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The Cleo’s Ferry Nature Trail (Melba, Idaho) deserved a post all it’s own (see previous post) and I suggest if you’re anywhere in the Boise area, be sure to seek this one out!

 

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The Orchard House is a Cracker-Barrel style mom-and-pop restaurant that is simply outstanding! I began with a mushroom-brie soup and finished things off with a big ole’ sloppy Rueben and Idaho potato wedges with “fry sauce.” I finished every last bite and enjoyed every moment. The prices are very reasonable and the home-made desserts in the bakery were absolute works-of-art.

 

 

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I’d set out this day to do a few wine-tastings but only managed one before finding myself in Nampa, a fair-sized town with modern-day shopping! Incredibly, I’d then realized I hadn’t seen any big chain stores in several weeks and they were a very welcome sight. I really didn’t buy anything, but the familiarity of big-city shopping centers felt strangely fun after so long without.

 

GPS to the Rescue!

I had NO internet here. No Wi-Fi, no Sprint data, no hotspot signal. My new GPS came in quite handy in Idaho. Whenever I wanted to take a trip, I’d see what the Garmin had to offer under “attractions” or “restaurants.” It didn’t disappoint! In fact, it’s more fun sometimes to just “go” rather than get on TripAdvisor and read too much into the reviews.

 

 

 

 

 

 

 

 

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RiverCat Journal : Melba, ID : A Magical Stroll at Cleo’s Ferry Nature Trail

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Where I’m At: Marsing, ID
Campground : Riverhaven RV Park

 

I picked up a new Garmin GPS when I was in Chehalis, Washington a few weeks ago and just love it. It’s your typical modern-day device but I’d been living in the dark ages for awhile and am still soaking in the advances made in GPS technology — particularly the much-easier-to-use touchscreen.

There’s no internet access in Marsing, Idaho. Craving a little adventure, I hopped in the van to see what the Garmin had to offer under “attractions.” Cleo’s Ferry Museum immediately jumped out at me…

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It was closed. Well, sort of. The folks at the general store informed me that the museum was run by volunteers on weekends during the summer but that the very popular nature walk was open year-round. It operates on a donation basis.  We shall see…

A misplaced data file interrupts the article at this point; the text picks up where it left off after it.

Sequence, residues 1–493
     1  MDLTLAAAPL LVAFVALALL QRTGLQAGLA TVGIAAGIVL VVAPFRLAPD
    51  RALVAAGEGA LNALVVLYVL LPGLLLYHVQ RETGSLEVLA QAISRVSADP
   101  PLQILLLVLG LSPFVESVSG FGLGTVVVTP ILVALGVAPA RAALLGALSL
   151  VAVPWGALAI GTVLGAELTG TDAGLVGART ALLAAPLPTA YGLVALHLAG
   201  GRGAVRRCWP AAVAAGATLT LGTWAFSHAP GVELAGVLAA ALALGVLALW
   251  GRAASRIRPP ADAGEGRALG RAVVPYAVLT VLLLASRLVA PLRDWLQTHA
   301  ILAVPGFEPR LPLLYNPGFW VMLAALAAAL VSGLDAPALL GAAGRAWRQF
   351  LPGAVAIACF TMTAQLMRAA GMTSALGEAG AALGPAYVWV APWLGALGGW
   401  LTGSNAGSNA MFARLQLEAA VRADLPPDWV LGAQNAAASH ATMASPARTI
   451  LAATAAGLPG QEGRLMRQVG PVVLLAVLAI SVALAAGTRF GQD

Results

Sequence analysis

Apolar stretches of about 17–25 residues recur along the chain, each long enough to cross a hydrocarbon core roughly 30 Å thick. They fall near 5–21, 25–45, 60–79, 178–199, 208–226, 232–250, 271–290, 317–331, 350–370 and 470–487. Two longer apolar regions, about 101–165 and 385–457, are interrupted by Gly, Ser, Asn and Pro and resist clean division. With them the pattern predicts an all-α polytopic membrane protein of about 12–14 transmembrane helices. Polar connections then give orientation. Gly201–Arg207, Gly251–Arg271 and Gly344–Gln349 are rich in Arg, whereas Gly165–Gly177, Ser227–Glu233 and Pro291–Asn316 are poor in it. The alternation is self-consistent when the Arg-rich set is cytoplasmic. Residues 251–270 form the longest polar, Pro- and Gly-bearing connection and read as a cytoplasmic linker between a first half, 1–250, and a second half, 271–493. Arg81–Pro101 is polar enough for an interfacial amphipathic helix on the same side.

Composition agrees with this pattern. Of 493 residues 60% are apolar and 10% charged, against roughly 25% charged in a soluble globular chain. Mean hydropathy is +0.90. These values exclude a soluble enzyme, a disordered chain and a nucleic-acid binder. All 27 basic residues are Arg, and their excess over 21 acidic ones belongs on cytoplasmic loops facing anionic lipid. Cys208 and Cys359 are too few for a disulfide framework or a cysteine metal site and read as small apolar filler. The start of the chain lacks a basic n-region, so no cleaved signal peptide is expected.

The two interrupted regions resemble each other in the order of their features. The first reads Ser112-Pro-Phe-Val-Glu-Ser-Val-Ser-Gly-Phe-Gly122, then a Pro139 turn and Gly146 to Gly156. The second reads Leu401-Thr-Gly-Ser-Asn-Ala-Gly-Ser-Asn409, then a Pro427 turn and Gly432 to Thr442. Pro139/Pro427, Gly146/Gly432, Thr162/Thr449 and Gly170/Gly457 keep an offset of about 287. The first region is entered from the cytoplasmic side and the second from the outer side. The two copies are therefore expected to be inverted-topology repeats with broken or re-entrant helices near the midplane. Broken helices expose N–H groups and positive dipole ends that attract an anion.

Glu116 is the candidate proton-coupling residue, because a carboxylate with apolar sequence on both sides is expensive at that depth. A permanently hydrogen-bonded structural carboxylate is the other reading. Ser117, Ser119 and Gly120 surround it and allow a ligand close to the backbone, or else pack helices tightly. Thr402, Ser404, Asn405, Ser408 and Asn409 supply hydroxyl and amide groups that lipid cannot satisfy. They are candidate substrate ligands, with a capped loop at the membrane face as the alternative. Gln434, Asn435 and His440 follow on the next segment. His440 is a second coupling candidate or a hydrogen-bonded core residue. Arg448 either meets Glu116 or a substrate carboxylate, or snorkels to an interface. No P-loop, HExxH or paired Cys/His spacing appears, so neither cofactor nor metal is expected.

I’d certainly give the trail a chance. Besides, despite my disappointment the museum wasn’t open, I’d already had a good  day sightseeing and was in a r good mood. And, if nothing else, I got to enjoy the amazing assortment of handcrafted birdhouses in the general store parking lot.

I headed down the hill to the visitor lot and gazed in wonder at the artistic arrangements of the toys of yesteryear — wagons, tricycles, tonka toys — each with it’s own section and each toy meticulously placed with care and thoughtfulness. I knew I was in a very neat place.

When I parked in the visitor lot, I knew I was in the right place when I spotted this birdhouse…

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I was impressed so many folks were arriving just to walk the mile-long trail. Even more incredible, they were lining up at the donation box before entering the park. It seems most of them were return visitors and were more than happy to pay the fee. I’d see how I liked the trail first…

The museum consists of a village with several rustic buildings along the Snake River  near the bridge that I’m assuming replaced what was originally know as “Walter’s Ferry” up until the early 1900’s.

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Peacocks are abundant throughout the museum village…

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Cleo Swayne was the wife of Dr. S.A. Swayne, a wealthy Quaker. She founded the museum and spent 30 years turning a nature trail into an absolute work of art. What catches your eye right away are the birdhouses. There are probably well over a thousand of these along the trail.